Tendance Coatesy

Left Socialist Blog

Front de Gauche: New Alliance, “Ensemble”, Re-alignments and Splits.

with 7 comments


There is now a new grouping inside the Front de Gauche,  «Ensemble. Mouvement pour une alternative de gauche, écologiste et solidaire». (Together: movement for a left ecological and social alternative),   Ensemble claims the place of the Third Pole inside the  Front de gauche (FdG) next to the PCF (French Communist Party and the PG (left party, led by Jean Luc-Mélenchon).  (Humanité)

The new grouping was set up last weekend at the  Bourse du travail de Saint-Denis (Seine-Saint-Denis)

One of its distinguishing  features is that it will be possible to be an individual member – something you cannot do with the Front de Gauche as a whole (you have to join one of the parties in the bloc).

This is an indication of Ensemble’s  aim to “Open the Windows” of the FdG to a wider public.

These are the groups (already part of the FdG) that have united to form the new alliance.

La Fédération pour une alternative sociale et écologique (Fase), les Alternatifs, Convergence et alternative, la Gauche anticapitaliste (ex Nouveau Parti anticapitaliste, NPA) and a part of  la Gauche unitaire (also from the NPA) . Individuals who have joined include  the economist Pierre Khalfa  and the former president of the Syndicat de la magistrature (magistrates trade union) Évelyne Sire-Marin.

Wikipedia (French) has more information here.

Official Site of Ensemble. Mouvement pour une alternative de gauche, écologiste et solidaire  here.

Report on the founding conference in Politis.

We learn this morning that the Gauche Unitaire (known as the Picquet Tendency) has excluded its supporters who have joined Ensemble (Declaration).

They state that it has “all the attributes of a political party”.

Their own policy, they announce, is that they will only help create a new party on a solid and politically clear basis – – something they implicitly state Ensemble is not.

In view of this the Gauche Unitaire declares that the 35 of its members who have joined the new grouping  are in contradiction with their organisation’s own statues  (Article 6 of their Constitution).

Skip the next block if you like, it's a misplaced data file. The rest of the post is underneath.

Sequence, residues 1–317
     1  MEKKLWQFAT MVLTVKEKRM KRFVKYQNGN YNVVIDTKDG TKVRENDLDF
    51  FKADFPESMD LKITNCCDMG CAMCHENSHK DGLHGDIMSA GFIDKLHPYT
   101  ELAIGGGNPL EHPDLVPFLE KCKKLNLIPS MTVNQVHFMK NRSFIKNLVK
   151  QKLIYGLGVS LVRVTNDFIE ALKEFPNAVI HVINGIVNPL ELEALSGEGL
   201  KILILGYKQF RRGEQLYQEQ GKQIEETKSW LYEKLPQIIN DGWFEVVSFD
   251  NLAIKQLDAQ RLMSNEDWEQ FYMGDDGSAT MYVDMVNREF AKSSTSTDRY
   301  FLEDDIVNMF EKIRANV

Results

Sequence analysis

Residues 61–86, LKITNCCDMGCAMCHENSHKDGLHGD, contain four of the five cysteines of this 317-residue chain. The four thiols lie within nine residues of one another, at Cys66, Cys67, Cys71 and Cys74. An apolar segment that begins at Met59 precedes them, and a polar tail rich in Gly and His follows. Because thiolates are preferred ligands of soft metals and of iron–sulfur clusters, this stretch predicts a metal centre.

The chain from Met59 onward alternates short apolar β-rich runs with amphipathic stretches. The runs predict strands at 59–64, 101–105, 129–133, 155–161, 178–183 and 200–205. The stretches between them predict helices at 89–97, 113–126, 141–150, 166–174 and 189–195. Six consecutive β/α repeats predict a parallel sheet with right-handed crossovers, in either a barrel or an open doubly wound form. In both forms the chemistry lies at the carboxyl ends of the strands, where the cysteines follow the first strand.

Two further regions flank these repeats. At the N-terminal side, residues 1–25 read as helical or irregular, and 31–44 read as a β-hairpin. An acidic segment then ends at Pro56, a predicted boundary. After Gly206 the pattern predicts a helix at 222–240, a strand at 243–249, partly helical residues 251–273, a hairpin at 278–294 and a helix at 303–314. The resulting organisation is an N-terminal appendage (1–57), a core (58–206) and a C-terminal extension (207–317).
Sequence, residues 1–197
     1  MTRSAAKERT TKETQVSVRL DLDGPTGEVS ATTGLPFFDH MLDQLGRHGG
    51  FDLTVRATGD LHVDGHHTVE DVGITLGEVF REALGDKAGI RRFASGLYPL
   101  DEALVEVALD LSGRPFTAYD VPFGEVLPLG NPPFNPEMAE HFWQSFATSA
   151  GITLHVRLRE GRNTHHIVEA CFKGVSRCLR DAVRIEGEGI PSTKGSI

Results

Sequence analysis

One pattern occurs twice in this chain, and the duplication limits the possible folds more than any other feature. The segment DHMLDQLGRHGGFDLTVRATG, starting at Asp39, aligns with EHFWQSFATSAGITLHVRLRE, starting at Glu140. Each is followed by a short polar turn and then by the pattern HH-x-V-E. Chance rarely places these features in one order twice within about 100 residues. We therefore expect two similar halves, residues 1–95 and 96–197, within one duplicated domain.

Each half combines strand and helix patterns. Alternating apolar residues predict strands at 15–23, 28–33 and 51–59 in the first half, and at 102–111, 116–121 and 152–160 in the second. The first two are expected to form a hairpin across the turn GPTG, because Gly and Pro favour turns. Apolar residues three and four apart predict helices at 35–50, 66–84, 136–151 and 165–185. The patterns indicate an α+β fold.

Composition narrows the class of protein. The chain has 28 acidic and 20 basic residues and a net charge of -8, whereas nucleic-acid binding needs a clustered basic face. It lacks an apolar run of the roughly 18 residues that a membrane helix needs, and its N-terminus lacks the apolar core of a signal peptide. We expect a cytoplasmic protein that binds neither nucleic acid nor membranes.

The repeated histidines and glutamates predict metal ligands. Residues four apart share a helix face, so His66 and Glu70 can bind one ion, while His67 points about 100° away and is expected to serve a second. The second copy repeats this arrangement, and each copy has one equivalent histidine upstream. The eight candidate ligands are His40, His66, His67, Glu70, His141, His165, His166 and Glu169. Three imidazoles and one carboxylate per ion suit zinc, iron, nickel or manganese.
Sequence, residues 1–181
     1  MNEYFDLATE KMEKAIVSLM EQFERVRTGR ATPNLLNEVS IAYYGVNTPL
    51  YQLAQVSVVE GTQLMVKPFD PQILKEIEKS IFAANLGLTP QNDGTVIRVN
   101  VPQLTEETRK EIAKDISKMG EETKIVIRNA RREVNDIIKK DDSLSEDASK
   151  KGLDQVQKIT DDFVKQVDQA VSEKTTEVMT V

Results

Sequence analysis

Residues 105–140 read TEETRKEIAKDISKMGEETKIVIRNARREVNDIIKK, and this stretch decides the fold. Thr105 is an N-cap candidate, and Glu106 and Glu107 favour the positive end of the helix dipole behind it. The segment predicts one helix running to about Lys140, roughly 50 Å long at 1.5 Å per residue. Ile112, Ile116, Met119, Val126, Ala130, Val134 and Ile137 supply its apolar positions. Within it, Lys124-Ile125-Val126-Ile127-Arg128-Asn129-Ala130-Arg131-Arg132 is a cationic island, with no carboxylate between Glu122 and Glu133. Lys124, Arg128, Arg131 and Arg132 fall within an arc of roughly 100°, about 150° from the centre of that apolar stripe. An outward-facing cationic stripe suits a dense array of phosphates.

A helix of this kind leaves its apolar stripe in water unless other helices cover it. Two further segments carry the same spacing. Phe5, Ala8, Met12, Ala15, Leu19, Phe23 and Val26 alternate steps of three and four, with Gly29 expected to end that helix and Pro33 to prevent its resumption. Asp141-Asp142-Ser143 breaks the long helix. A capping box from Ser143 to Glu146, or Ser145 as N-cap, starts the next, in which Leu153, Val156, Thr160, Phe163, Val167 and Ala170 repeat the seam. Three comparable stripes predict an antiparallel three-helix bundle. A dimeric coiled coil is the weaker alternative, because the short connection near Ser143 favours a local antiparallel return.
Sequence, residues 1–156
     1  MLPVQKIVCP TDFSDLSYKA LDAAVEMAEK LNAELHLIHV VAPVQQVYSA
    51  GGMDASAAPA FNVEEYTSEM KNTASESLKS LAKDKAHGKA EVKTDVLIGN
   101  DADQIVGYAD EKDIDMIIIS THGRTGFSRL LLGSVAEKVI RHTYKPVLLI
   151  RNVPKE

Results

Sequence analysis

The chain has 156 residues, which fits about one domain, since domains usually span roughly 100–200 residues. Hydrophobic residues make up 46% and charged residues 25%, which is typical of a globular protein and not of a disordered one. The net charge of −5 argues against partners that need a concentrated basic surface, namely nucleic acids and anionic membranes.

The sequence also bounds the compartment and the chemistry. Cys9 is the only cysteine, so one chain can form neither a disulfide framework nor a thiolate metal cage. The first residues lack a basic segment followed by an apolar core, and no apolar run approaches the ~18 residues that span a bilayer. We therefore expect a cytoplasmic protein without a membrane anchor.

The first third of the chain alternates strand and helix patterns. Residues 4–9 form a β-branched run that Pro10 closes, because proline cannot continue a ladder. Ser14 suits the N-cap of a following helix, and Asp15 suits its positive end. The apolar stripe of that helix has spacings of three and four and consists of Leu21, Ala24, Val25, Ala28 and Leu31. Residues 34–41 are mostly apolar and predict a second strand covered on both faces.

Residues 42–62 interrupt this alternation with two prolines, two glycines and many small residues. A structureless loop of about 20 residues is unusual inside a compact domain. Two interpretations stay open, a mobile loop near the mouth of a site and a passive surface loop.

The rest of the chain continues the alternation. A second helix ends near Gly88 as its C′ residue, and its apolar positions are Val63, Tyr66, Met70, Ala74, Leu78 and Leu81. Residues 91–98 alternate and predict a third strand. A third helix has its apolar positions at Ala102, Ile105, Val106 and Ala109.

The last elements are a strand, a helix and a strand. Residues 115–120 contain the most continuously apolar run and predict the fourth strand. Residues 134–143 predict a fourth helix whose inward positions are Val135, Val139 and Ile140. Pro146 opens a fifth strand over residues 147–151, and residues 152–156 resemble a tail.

By joining another political party they are therefore no longer members of the Gauche Unitaire.


7 Responses

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  1. I think this is a good initiative, if somewhat Parisian Particulary the individual membership idea. The only problem I foresee is that it is almost solely comprised of splinters from other groups/parties that frankly specialise in ‘ fly fucking; -that is a high level of passionate debate and dispute about tiny details. Bringing between 1,000 and 1,500 disparate and hardly ideologically coherent militants together, this new grouplette is less than a fifth of the size of the NPA when it launched although its political breath from Eurocommmunists to Trotskyists via anarcho communists and red greens is a sectarians delight- and whether it can serve as the negotiating vehicle with the PCF and PdG remains to be seen- expect to her lots of denunciations of the ‘leadership’selling out for personal electoral gain in the near further.

    Where things could get interesting, if not a little heated is where the PCF sections have voted to back the PS list in the first round- like Paris and Toulouse, JLM has already threatened to expell and PdG comrade who backs the PS lead lists, so we could see a ‘revolutionary; FdG list standing against a PS/PCF list- which will make the FdG nationally a little fractious I imagine.

    I could well have it completely wrong of course and the Trotskyist comrades could have turned over a new non sectarian leaf- history however is, I think, more pessimistic.

    Pete Shield

    November 28, 2013 at 12:20 pm

  2. Is/not Gauche Unitaire already part of the FDG?